stress-imageEven though we can’t eliminate our negative tendencies to react in these certain ways, we can transcend them with practice.  After the election will come all the waves of uncertainty of “what’s going to happen” until the dust settles in January.   Then, it’s likely to resurface again given the roller coaster media ride we’ve all been on.  What I’d really like is to feel a sense of stability and trust.  One way to keep sane is to focus on things we can control.  Look at your hands and for most of us we can move them.  Let that be a reminder for the moment that what may be most important is self-management or as I like to call it Mindfulness.  How am I going to cultivate stability and trust in myself given that I’ve just heard or seen someone make a triggering comment?  The goal here is to catch your style going into action and allow yourself the chance to create the mindset that is best for you.  Is this easy?  It gets easier with practice but the rewards are great; one being the expression of your authentic truth rather than the automatic stress style dribble.  The more you practice the more dribble you can experience which leads to a stronger sense of self and a better outlook which of course is a stress reliever.  Although this is not the immediate “keep yourself sane” technique but it is one to work on daily.

Some of the best strategies for this season relate to catching yourself, breathing deeply and evenly and repeat to yourself 10 times “All is well”.   There is a great mirror exercise written about by Louise Hay that confirms the power of positive affirmations to yourself daily.  Check out the mirror exercise on You tube if you are interested.  Even though you think all may not be well on the outside, this exercise calms the mind. If you want excitement and drama go for it.  Media will be hyping it all up but keep in mind the balance of nature and the power of small practices to keep yourself sane.   Don’t forget to add the water, herbal teas and lemons/limes.  These are detoxing for any type of stress you are facing.   One of my favorite essential oils to calm anxiety is Frankincense or Lavender Frankincense which combines two calming essential oils.  Just make sure they are of therapeutic grade and organic.  For more information on that check out  http://goDesana.com/newpath   In the short term, do-nuts, diet coke, a good stiff drink or any number of mind medicating substances may be calling your name   What your brain really needs is care!   Finally, on Tuesday let’s not forget that we are all in this together.  Let’s do what we can – in our own ways – one task or practice at a time.   Good luck!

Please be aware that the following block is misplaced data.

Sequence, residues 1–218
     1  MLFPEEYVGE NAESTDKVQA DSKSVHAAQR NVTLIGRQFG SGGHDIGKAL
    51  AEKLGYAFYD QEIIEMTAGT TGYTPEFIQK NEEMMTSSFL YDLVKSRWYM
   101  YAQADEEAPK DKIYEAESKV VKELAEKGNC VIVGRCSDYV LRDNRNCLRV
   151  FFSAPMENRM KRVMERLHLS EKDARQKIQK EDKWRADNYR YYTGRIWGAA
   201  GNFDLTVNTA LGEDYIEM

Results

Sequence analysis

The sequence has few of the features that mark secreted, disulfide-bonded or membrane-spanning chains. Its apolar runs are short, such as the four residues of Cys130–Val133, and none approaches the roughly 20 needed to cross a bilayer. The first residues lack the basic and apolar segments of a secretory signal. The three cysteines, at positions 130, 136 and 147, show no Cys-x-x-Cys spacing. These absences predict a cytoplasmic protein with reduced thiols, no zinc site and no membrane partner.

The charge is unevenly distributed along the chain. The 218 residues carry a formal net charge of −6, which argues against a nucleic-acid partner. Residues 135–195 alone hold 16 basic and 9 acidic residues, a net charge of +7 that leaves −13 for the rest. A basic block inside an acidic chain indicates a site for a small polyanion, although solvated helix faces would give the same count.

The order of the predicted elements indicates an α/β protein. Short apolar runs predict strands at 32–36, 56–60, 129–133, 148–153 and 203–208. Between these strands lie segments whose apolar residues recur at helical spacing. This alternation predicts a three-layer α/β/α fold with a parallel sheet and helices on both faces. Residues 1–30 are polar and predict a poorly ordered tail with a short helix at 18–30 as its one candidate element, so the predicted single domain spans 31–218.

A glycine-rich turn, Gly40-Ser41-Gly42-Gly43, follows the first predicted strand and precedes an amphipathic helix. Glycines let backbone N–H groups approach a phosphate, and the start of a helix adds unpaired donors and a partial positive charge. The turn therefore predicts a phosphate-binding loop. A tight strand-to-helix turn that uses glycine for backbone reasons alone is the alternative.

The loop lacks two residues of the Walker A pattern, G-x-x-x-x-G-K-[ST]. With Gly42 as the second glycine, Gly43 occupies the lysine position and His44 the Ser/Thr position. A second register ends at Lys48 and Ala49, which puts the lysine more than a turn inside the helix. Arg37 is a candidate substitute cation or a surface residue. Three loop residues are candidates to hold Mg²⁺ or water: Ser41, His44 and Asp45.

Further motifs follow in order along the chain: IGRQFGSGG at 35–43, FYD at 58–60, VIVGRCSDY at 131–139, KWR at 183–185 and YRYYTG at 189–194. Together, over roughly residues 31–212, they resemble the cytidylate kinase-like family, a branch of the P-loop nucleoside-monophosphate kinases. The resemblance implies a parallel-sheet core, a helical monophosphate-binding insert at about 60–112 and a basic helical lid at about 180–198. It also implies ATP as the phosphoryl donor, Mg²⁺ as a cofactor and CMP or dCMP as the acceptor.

Tina M Johnson, MSW, BCD

1321 23rd St So, Ste H

Fargo, ND  58103

https://www.relatecommunicate.com

tmjohnsonmsw@gmail.com